I am flying back from an official visit to Turkey: together with Enlargement Commissioner Johannes Hahn and Humanitarian Aid Commissioner Christos Stylianides, I met with President Recep Tayyip Erdogan, Prime Minister Ahmet Davutoglu, the Ministers of Foreign Affairs, Mavlut Cavusoglu, and of European Affairs, Volkan Bozkir. But we also met with the leaders of all parties – government and opposition – and with students and professors of the Middle East Technical University of Ankara.
We have spent months to define an agreement on how to manage the refugee flows together, in a human and sustainable way. This trip was the opportunity to take stock of the implementation of commitments we have taken: on our side, we are supporting Turkey with projects aimed at hosting refugees, with a focus on the education of Syrian children to avoid that a whole generation gets lost; while Turkish authorities have agreed to dismantle the smuggling networks and strengthen their control of the flows – the flow of refugees, but also of migrants using the Turkish route to reach Europe.
Still, our relations with Turkey could not be limited to this one issue, although crucial for the both of us. This visit was important first and foremost to tackle the whole set of common priorities for Turkey and the EU: the diplomatic work to end the war in Syria and begin a transition in Damascus; the fight against Daesh, with cooperation on anti-terrorism and against foreign fighters; a solution for the Cypriot issue; the search for a new regional balance to contain and defuse Middle Eastern tensions; the relaunch of the peace process between Israel and Palestine; economic and energy cooperation.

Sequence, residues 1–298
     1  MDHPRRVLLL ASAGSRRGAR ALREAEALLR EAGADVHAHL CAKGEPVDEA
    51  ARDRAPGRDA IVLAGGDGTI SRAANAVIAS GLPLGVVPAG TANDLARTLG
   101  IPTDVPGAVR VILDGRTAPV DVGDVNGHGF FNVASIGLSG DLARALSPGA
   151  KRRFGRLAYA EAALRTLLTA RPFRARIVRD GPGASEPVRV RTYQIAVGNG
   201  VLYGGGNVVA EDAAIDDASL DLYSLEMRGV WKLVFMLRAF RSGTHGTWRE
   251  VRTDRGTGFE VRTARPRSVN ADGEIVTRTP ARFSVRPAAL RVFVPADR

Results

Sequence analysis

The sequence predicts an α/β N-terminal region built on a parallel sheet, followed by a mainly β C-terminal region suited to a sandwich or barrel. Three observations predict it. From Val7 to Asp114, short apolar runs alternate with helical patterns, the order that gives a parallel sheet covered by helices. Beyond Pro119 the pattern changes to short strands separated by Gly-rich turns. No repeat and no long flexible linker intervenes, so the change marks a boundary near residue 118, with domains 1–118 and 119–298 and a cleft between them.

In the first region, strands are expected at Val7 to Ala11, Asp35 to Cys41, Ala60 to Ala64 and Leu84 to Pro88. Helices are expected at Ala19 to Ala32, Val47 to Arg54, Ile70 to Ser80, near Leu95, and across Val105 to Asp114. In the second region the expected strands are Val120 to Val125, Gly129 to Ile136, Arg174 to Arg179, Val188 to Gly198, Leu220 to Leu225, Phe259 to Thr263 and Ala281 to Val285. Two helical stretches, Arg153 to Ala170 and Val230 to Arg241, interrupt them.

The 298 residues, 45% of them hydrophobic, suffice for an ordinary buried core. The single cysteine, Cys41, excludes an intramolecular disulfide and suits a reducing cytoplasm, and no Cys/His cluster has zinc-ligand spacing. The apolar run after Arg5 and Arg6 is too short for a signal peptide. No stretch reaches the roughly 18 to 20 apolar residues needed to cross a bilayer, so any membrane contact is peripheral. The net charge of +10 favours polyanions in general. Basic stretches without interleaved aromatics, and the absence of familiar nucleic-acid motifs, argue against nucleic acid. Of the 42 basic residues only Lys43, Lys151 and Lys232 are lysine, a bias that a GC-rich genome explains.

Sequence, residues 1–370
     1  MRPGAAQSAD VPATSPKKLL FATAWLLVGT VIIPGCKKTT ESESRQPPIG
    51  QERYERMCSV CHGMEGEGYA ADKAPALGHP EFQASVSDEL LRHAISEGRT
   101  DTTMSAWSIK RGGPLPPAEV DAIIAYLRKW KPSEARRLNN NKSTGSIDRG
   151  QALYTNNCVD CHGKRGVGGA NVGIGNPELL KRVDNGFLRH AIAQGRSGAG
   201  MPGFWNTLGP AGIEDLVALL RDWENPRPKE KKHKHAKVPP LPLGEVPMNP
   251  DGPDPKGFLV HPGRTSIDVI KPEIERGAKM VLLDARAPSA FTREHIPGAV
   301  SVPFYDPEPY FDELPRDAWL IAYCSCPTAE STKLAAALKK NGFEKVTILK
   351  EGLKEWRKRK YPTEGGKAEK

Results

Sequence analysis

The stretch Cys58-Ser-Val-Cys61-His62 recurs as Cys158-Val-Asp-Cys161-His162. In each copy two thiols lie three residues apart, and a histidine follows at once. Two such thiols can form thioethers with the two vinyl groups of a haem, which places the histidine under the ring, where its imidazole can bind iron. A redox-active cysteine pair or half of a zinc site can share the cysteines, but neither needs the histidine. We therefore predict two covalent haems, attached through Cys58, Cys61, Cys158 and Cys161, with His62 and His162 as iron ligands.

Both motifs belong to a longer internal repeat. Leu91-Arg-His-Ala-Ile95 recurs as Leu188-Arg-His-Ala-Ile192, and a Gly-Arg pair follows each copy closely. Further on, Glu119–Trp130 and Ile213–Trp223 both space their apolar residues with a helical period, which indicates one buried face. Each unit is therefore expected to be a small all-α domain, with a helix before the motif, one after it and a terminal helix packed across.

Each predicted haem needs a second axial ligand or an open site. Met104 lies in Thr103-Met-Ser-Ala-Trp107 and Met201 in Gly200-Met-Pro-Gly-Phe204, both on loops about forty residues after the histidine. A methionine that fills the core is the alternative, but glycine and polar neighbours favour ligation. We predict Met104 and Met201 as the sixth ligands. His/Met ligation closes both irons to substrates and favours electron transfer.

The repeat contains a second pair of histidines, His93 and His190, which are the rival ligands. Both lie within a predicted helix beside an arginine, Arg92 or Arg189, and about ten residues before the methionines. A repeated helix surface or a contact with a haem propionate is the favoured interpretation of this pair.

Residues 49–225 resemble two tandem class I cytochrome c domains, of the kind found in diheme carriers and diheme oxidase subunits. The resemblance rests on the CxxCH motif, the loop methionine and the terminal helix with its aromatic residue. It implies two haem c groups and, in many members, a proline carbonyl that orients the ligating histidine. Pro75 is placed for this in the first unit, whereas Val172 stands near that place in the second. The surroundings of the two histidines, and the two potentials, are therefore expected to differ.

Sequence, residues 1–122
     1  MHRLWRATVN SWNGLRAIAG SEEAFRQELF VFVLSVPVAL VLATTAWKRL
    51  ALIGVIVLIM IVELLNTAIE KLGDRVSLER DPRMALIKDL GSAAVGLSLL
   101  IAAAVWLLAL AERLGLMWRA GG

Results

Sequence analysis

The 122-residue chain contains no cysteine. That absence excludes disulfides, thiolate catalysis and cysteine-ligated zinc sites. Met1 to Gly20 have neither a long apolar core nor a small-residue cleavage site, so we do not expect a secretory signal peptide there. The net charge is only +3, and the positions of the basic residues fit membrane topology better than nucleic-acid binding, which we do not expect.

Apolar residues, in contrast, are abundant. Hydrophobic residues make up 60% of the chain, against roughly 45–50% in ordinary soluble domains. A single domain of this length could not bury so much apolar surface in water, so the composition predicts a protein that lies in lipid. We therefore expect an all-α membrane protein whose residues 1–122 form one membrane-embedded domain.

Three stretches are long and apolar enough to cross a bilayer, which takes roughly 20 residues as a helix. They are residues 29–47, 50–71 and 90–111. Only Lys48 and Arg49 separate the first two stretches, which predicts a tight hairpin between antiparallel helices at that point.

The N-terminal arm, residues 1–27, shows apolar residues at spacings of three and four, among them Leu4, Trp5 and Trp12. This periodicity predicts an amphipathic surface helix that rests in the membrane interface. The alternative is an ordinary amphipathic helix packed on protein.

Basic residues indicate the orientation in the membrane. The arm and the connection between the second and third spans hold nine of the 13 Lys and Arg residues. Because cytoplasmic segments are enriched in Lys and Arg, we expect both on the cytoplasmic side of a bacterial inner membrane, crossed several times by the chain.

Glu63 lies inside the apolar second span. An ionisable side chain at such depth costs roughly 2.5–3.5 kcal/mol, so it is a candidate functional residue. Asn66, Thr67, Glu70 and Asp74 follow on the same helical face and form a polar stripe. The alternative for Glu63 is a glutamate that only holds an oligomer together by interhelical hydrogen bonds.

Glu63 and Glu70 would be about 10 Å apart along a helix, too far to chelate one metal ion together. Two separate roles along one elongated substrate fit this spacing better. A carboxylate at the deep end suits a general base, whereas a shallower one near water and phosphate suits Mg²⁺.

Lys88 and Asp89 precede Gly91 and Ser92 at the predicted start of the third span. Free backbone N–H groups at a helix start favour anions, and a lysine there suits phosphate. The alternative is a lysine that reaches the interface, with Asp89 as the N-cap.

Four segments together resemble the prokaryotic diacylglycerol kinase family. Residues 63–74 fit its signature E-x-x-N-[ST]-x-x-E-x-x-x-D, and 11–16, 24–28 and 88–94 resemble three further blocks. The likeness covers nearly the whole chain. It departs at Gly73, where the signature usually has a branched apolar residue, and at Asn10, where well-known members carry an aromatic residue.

And more: the membership negotiations, starting with chapters 23 and 24 on the rule of law, the independence of the judiciary, fundamental rights and freedoms including press and association freedom. It was important to extend our talks beyond the institutional setting: I had frank conversations with political parties and the academic world, which is so vital and so under stress in these very weeks.
Our meetings also focused on the very serious situation in the South-East of Turkey: there is urgent need for a ceasefire and to immediately restart the Kurdish peace process. Today I was supposed to head to the South-East, in Mardin, to meet the mayor, the governor and to visit an EU-funded project to support refugees. Unfortunately our flight got cancelled, and the trip had to be postponed, but I had long phone calls with both local leaders.
Now I am arriving in Brussels: later in the evening I will take part in one of our regular meetings between Socialist Commissioners and the S&D group in the European Parliament. Tomorrow the Commission will discuss, among other things, proposals to manage and preserve Schengen.